FRONT ROW with Keith Norman, Food Safety Manager/Assistant Executive Chef, South Point Hotel Casino and Spa, Las Vegas, Nevada

My daughter Mirabelle and I with my good friend Keith

I met Keith Norman in Chicago years ago when we both spoke at the annual Food, Allergy and Anaphylaxis Connection Team (FACT) Society conference which helps teenagers diagnosed with severe food allergies. This conference, which will be held in Cincinnati this October, is important to me as someone with Celiac’s Disease and who has been Gluten Free since age 16. This man has so much energy and drive he makes me look like I’m in slow motion. As an executive chef for the South Point Hotel Casino and Spa in Las Vegas, Nevada, Keith is the equivalent of Chief Operations Officer for South Point’s 11 restaurants. He pulls his teams together, motivates them to do the right thing even when no one is looking, and keeps them centered, focused on the task at hand, and having fun doing the work of producing luxury dining experiences.

I’m privileged to share this interview with you. Keith is a great friend, an amazing chief and an even better human being. I know this story will inspire you.

 

CZG: How did you become an executive chef?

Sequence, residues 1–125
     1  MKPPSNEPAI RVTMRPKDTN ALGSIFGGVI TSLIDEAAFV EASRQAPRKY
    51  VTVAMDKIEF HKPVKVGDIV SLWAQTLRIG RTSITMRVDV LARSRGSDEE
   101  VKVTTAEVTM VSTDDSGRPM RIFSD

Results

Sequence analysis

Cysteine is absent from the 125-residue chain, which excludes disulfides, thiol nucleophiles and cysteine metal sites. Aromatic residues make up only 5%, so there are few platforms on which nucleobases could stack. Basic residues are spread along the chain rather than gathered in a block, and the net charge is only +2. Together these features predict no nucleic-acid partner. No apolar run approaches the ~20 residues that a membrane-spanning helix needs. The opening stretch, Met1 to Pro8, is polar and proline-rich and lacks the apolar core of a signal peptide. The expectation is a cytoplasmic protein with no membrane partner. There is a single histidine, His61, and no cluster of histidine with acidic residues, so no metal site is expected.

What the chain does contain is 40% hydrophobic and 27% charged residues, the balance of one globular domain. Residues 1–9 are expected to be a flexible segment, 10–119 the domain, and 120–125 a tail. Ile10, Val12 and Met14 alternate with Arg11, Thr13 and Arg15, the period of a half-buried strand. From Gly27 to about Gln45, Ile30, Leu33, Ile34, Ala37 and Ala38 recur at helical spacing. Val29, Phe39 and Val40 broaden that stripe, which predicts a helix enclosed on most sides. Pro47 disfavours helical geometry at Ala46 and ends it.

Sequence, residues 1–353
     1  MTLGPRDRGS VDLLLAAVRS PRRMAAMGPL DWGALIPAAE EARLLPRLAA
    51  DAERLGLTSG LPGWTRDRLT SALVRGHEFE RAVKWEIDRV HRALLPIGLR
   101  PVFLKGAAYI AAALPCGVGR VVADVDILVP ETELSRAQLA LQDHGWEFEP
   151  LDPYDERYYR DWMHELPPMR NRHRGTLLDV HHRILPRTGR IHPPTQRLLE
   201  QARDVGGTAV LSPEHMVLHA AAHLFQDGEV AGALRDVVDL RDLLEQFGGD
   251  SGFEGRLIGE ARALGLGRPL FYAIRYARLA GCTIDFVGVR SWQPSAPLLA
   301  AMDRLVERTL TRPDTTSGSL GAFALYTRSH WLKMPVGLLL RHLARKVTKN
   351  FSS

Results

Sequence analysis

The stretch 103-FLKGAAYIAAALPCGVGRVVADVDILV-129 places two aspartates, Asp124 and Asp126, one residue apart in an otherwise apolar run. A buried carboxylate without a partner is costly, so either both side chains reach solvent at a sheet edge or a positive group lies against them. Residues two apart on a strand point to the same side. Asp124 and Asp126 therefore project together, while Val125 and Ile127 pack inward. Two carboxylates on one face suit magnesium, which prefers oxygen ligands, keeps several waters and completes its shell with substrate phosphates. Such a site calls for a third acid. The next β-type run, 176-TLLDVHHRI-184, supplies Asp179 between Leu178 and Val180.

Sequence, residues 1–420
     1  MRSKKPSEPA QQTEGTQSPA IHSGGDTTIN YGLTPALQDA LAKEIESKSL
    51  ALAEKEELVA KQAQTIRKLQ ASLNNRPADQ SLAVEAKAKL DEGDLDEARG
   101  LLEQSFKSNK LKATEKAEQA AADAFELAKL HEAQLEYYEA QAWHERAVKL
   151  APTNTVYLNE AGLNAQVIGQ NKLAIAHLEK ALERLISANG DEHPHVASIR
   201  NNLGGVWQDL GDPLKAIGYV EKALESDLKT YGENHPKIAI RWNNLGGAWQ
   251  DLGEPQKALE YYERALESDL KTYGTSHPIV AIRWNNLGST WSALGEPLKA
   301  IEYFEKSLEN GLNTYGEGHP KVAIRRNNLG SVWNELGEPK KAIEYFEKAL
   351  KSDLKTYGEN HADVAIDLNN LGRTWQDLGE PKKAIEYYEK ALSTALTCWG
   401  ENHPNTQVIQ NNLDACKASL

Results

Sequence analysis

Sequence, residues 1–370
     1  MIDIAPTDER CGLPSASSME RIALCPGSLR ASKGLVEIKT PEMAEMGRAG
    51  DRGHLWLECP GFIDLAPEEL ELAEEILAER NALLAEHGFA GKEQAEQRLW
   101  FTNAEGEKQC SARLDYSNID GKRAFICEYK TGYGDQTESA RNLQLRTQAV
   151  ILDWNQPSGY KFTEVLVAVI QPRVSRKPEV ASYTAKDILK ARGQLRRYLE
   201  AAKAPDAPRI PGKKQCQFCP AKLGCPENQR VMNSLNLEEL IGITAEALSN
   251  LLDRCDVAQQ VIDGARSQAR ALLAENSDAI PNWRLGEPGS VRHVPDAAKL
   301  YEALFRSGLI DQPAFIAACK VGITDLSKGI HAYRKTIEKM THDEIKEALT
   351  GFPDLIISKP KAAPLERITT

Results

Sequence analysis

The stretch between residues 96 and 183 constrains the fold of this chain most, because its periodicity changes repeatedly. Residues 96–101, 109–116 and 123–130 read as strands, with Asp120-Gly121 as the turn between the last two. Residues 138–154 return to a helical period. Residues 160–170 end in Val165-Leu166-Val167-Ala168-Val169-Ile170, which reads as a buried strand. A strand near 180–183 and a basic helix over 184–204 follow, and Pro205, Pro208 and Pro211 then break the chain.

Congratulations, my friend!

Keith: I started out as a cook at Bob’s Big Boy restaurant in Cleveland, Ohio. Out of high school, I enlisted in the Marine Corp as a cook. When I left the Marines, I moved to Las Vegas and took my first job at Bally’s. Over the years, I’ve been on the opening team for many of the prestigious resorts and casinos in Las Vegas, including the Mirage, Treasure Island, Sun Coast, and South Point.

 

Eight years ago, I was looking to add something different to my life. Flipping through a magazine, I saw an ad for a teaching position in the Art Institute’s culinary department. I’ve been teaching courses on food safety ever since.

CZG: Tell me how you got connected with the Anaphylactic Society and why you are so passionate about food safety.